# The Glowing Bulb Problem

I came across this interesting problem yesterday.

There are few light bulbs and all of them are switched off. On the first turn, you press the switch of all bulbs, i.e. you turn all of them on. On the second turn, you switch all the second bulbs (2, 4, 6…). On the third turn, you switch all third bulbs, and so on.

An example with five bulbs and five steps (where 1 denotes a glowing bulb, and 0 denotes a non-glowing bulb):

00000 (initial)

11111 (step 1)

10101 (step 2)

10001 (step 3)

10011 (step 4)

10010 (step 5)

Hence, in case of five bulbs, the number of glowing bulbs at the end is 2. You have to find out how many bulbs are left glowing after 100 turns when you have 100 bulbs. The solution must be done mentally, without any rigorous calculation.

**It is recommended that you try it yourself before reading the solution.**

## Mental Solution:

Every bulb is off at the beginning. It is apparent that it will remain off if it is switched even number of times. Likewise, it’ll be on if switched odd number of times. Let’s pick a random bulb, say bulb 8. Bulb 8 will be switched on the 1st step, 2nd step, 4th step and the 8th step, i.e. it’ll be switched on a step if the step number is one of its factors.

Merging these two conditions, we have: a bulb will remain on if it has an odd number of factors.

Now we have the task of finding out which digits have odd number of factors. We can always divide a number into a set of two factors. For example, 8 can be divided into (1,8) and (2,4). These factors multiply with each other to give the original number. So we’ll always have even number of factors, unless we get two equal factors, i.e. (x,x). Only perfect squares can be divided into two equal factors.

So the problem boils down to: “How many perfect squares are there under (and including) 100?” The answer is 10. 10 bulbs will remain glowing after the 100th step. (The logic works for any number of bulbs, if the number of steps is equal to the number of bulbs.)

## Programmed Solution (using Python):

Such problems can be easily solved through computer programs. It leads to some interesting results.

print "---THE GLOWING BULB PROBLEM---" cnt=0 i=0 n=input("Enter number of bulbs: ") m=input("Enter number of steps: ") if (m>n): m=n a=[0]*n f1 = open("lights.dat", 'w') f1.write("0"+"\t"+"0"+"\t"+"0"*n+"\n") for x in range(m): f1.write(str(x+1)+"\t") for i in range(x,n,x+1): if(a[i]==0): a[i]=1 cnt=cnt+1 else: a[i]=0 cnt=cnt-1 f1.write(str(cnt)+"\t") for y in range(n): f1.write(str(a[y])) f1.write("\n") print "\n" * 100 print "Executing... " +str(float((x+1))*(100.0/m))+ "% completed." f1.close() print "The file has been created." print "Number of glowing bulbs = "+ str(cnt)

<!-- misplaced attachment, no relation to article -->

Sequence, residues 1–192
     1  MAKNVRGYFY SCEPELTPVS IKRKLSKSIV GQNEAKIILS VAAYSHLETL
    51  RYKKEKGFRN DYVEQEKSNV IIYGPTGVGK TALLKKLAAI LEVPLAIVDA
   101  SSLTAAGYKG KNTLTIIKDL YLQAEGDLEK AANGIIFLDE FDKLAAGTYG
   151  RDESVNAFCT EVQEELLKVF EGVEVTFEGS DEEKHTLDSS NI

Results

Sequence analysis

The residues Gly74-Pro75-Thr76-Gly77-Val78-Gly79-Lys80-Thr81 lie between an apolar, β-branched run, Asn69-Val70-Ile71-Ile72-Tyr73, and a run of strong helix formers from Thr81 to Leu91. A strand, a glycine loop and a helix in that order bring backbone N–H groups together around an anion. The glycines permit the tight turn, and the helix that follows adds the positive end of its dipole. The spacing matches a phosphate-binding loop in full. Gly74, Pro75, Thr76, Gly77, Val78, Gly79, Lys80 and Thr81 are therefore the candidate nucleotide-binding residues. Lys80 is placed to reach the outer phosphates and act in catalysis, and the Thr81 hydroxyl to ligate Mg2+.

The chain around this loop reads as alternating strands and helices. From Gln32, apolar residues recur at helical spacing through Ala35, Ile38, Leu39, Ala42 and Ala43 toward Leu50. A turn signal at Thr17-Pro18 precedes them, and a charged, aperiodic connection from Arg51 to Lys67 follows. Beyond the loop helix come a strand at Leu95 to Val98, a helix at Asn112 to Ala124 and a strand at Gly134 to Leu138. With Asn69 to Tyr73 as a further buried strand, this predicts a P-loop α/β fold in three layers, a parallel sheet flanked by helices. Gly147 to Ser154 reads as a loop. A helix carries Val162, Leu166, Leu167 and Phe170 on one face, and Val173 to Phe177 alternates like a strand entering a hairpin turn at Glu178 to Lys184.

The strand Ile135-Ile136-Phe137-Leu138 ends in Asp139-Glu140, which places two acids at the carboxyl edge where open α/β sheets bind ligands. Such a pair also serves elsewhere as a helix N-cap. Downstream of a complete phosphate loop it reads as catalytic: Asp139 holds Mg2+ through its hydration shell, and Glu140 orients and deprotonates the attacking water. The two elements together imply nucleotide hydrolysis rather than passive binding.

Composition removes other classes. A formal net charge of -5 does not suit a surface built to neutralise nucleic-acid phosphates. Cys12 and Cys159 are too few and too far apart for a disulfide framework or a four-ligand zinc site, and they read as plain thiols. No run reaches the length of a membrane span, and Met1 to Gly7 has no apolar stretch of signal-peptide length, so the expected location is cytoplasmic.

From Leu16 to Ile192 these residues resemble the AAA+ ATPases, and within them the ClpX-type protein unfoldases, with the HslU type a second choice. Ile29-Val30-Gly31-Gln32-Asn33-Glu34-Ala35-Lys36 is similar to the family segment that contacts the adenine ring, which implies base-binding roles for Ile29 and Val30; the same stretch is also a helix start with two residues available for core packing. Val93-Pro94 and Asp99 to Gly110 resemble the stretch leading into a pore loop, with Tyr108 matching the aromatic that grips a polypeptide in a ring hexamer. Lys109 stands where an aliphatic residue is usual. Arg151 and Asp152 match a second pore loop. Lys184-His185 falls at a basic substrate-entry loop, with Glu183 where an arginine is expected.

### Result:

—THE GLOWING BULB PROBLEM—

Enter number of bulbs: **100**

Enter number of steps: **100**

Executing… 100.0% completed.

The file has been created.

Number of glowing bulbs = 10

The data has been written on a file “lights.dat” which when plotted gives:

We can see that 10 bulbs are left glowing after the 100th step. We can also guess at the logic by analyzing the graph. The first region is quite chaotic and we ignore it. Then, there’s a region (before 49) where the number of glowing bulbs remain constant. This is the region where one bulb is turned on and one is turned off in each step. At 49, two bulbs get turned on, resulting in a spike (our first clue, what’s special about 49?). After 50 comes the steady decline, where one bulb is turned off in each step. But as you see, in the each of the steps 64, 81, and 100 one bulb is turned on instead. We can immediately guess that bulbs numbered as perfect squares get turned on at their own step number.

When I opened the data file, I found something remarkable. By the way, the columns here are:

- the step number
- number of glowing bulbs
- the status of bulbs (a 100 digit number containing 0s and 1s denoting the state of each bulb in order)

The pattern of 0s and 1s is obvious. The vertical stripes (green) are obviously the perfect squares. The lower red line is formed because bulbs (except perfect squares) get turned off on their own step number. The upper red line is formed by the halves of the even numbers which turn on the respective numbers’ bulbs.

Note that every number apart from perfect squares get turned off at the lower red line. No change takes place in any bulb below that, and hence, only perfect squares stay glowing.